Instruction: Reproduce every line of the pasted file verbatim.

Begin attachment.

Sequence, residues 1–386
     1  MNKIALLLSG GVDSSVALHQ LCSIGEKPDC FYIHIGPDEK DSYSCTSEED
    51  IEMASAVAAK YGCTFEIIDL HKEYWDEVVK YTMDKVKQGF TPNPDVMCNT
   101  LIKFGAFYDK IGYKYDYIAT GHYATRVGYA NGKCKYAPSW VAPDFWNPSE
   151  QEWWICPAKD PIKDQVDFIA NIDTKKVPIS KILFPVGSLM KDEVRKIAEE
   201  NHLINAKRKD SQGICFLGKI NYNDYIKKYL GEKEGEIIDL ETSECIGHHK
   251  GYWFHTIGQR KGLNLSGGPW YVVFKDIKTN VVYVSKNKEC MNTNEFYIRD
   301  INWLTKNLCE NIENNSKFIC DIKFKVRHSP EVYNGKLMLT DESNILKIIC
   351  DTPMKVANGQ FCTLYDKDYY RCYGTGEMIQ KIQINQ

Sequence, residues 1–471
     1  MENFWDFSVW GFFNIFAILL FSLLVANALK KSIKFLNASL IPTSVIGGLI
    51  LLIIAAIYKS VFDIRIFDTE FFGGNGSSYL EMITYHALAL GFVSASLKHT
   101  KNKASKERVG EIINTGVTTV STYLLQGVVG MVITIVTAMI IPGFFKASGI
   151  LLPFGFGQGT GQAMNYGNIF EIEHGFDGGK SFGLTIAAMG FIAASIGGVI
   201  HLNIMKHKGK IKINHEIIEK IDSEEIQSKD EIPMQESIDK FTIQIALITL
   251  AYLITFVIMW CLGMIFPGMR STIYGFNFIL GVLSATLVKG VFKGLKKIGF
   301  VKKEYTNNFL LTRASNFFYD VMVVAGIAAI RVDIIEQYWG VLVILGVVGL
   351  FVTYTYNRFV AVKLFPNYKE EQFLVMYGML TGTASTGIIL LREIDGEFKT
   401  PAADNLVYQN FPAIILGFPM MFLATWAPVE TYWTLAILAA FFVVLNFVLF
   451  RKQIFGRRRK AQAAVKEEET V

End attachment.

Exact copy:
Sequence, residues 1–386
     1  MNKIALLLSG GVDSSVALHQ LCSIGEKPDC FYIHIGPDEK DSYSCTSEED
    51  IEMASAVAAK YGCTFEIIDL HKEYWDEVVK YTMDKVKQGF TPNPDVMCNT
   101  LIKFGAFYDK IGYKYDYIAT GHYATRVGYA NGKCKYAPSW VAPDFWNPSE
   151  QEWWICPAKD PIKDQVDFIA NIDTKKVPIS KILFPVGSLM KDEVRKIAEE
   201  NHLINAKRKD SQGICFLGKI NYNDYIKKYL GEKEGEIIDL ETSECIGHHK
   251  GYWFHTIGQR KGLNLSGGPW YVVFKDIKTN VVYVSKNKEC MNTNEFYIRD
   301  INWLTKNLCE NIENNSKFIC DIKFKVRHSP EVYNGKLMLT DESNILKIIC
   351  DTPMKVANGQ FCTLYDKDYY RCYGTGEMIQ KIQINQ

Sequence, residues 1–471
     1  MENFWDFSVW GFFNIFAILL FSLLVANALK KSIKFLNASL IPTSVIGGLI
    51  LLIIAAIYKS VFDIRIFDTE FFGGNGSSYL EMITYHALAL GFVSASLKHT
   101  KNKASKERVG EIINTGVTTV STYLLQGVVG MVITIVTAMI IPGFFKASGI
   151  LLPFGFGQGT GQAMNYGNIF EIEHGFDGGK SFGLTIAAMG FIAASIGGVI
   201  HLNIMKHKGK IKINHEIIEK IDSEEIQSKD EIPMQESIDK FTIQIALITL
   251  AYLITFVIMW CLGMIFPGMR STIYGFNFIL GVLSATLVKG VFKGLKKIGF
   301  VKKEYTNNFL LTRASNFFYD VMVVAGIAAI RVDIIEQYWG VLVILGVVGL
   351  FVTYTYNRFV AVKLFPNYKE EQFLVMYGML TGTASTGIIL LREIDGEFKT
   401  PAADNLVYQN FPAIILGFPM MFLATWAPVE TYWTLAILAA FFVVLNFVLF
   451  RKQIFGRRRK AQAAVKEEET V